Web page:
Data and Statistics
A variety of information sources are available to monitor the prevalence and trends of marijuana use in the United States. The resources below cover a variety of marijuana-related issues, including data around usage, emergency department data, substance use and misuse data, policy measures, and other related tools.
- Marijuana is the most commonly used federally illegal drug in the United States; 48.2 million people, or about 18% of Americans, used it at least once in 2019.1
- Recent research estimated that approximately 3 in 10 people who use marijuana have marijuana use disorder.2 For people who begin using marijuana before age 18, the risk of developing marijuana use disorder is even greater.3
- Marijuana use directly affects the brain, specifically the parts of the brain responsible for memory, learning, attention, decision-making, coordination, emotion, and reaction time. Infants, children, and teens (who still have developing brains) are especially susceptible to the adverse effects of marijuana.4,5
- Long-term or frequent marijuana use has been linked to increased risk of psychosis or schizophrenia in some users.6,7
- Using marijuana during pregnancy may increase the person’s risk for pregnancy complications. Pregnant and breastfeeding persons should avoid marijuana.8
- Behavioral Risk Factor Surveillance System (BRFSS) [PDF – 535KB]pdf icon World’s largest, continuously conducted telephone survey that tracks health behaviors, chronic diseases, and preventive health practices among noninstitutionalized adults in the United States.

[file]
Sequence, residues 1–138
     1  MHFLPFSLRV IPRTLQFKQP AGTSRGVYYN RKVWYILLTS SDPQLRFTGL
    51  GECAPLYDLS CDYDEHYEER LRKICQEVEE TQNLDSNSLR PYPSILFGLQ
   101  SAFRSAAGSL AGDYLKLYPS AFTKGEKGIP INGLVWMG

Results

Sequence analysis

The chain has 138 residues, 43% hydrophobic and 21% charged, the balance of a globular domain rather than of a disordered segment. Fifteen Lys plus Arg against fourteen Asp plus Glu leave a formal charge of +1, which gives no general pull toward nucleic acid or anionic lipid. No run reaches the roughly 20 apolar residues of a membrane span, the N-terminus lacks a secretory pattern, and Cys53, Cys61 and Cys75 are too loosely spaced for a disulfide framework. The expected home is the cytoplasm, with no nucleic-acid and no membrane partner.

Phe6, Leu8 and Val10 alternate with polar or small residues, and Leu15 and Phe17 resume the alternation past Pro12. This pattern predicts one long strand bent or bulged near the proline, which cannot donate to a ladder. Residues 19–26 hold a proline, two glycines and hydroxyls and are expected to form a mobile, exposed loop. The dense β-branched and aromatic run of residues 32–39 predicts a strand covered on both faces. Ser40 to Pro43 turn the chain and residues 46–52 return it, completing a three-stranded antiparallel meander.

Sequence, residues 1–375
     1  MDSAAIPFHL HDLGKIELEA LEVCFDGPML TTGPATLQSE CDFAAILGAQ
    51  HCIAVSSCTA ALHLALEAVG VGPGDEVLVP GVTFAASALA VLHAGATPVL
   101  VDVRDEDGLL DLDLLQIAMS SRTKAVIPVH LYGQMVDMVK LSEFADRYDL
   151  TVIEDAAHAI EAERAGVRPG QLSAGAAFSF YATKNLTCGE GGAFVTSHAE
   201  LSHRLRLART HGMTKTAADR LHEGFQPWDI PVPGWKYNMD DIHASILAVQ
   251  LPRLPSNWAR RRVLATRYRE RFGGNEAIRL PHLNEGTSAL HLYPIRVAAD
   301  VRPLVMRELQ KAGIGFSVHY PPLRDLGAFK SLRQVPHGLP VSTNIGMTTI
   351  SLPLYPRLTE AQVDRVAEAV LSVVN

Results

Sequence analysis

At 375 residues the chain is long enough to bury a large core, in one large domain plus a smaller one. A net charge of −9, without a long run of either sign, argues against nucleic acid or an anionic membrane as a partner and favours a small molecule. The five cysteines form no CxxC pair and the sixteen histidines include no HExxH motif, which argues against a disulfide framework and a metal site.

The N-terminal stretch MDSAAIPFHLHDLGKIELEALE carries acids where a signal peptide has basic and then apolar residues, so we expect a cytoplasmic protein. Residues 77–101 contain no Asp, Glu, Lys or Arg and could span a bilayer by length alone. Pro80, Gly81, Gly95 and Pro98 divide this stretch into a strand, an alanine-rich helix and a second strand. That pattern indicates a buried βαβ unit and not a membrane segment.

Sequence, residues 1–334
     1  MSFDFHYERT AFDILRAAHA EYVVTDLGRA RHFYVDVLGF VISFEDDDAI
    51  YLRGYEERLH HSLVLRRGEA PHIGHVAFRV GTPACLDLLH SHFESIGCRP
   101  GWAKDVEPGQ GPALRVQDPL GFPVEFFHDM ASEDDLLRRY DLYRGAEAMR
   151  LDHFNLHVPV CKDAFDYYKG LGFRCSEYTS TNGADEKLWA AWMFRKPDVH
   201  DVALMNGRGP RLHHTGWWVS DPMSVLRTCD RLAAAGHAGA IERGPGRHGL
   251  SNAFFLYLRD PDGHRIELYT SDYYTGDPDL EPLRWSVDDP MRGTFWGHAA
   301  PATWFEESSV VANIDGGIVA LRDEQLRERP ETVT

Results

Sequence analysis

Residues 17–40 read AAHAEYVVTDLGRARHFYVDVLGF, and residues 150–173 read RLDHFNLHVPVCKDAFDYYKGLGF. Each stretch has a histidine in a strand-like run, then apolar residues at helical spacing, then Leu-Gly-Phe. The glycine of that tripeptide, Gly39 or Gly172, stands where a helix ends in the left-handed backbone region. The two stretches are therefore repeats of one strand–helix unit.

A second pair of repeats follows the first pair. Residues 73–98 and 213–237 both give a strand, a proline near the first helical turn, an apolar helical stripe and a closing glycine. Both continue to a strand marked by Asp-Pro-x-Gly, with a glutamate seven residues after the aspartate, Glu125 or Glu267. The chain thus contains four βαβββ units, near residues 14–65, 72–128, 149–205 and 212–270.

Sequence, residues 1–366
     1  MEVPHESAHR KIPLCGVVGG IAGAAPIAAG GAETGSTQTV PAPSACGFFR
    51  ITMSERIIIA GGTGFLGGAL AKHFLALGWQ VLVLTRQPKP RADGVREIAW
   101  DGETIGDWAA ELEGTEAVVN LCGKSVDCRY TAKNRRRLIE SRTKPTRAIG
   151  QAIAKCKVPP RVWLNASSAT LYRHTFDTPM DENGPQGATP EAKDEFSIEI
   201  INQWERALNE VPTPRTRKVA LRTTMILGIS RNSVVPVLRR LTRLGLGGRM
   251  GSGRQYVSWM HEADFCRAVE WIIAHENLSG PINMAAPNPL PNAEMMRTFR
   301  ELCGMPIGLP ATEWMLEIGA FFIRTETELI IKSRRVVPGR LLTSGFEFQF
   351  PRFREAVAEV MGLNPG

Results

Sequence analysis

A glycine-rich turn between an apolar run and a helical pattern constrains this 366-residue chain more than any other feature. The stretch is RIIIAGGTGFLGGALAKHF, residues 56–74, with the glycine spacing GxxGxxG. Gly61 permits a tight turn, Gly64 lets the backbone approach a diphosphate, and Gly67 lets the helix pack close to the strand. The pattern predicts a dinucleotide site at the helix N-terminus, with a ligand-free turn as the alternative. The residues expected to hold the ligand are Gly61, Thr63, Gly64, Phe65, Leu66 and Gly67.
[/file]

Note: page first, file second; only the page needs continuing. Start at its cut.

- Youth Risk Behavior Surveillance System (YRBSS) Monitors six categories of priority health risk behaviors, including marijuana use, among high school youth at the national, state, and local levels.
- Pregnancy Risk Assessment Monitoring System (PRAMS) Collects state-specific, population-based data on marijuana use before, during, and shortly after pregnancy.
- National Health And Nutrition Examination Survey (NHANES) Assesses the health and nutritional status of adults and children, aged 12 years and older, in the united states. The survey is unique in that it combines interviews and physical examinations. Voluntary drug use questions ask about ever use of marijuana, age of first use, age when starting to use marijuana regularly, amount used, frequency of use, and time since last use. These data are available from the 2005-2007 survey period onward.
OTHER NATIONAL SURVEYS
- National Survey on Drug Use and Health (NSDUH) external iconOngoing and long-term system, sponsored by The Substance Abuse and Mental Health Services Administration’sexternal icon (SAMHSA) NSDUH is the primary source of information on the prevalence, patterns, and consequences of alcohol, tobacco, and illegal drug use and abuse in the general U.S. civilian noninstitutionalized population, ages 12 and older.
- Monitoring the Future Surveyexternal icon Ongoing and long-term system, sponsored by the National Institute on Drug Abuse (NIDA)external icon that collects data on the behaviors, attitudes, and values regarding substance use of American teens, college students, and adults. Each year a total of approximately 50,000 students in 8th, 10th, and 12th grades are surveyed about substance use, including marijuana, and a subset are sent follow-up questionnaires through age 45 years.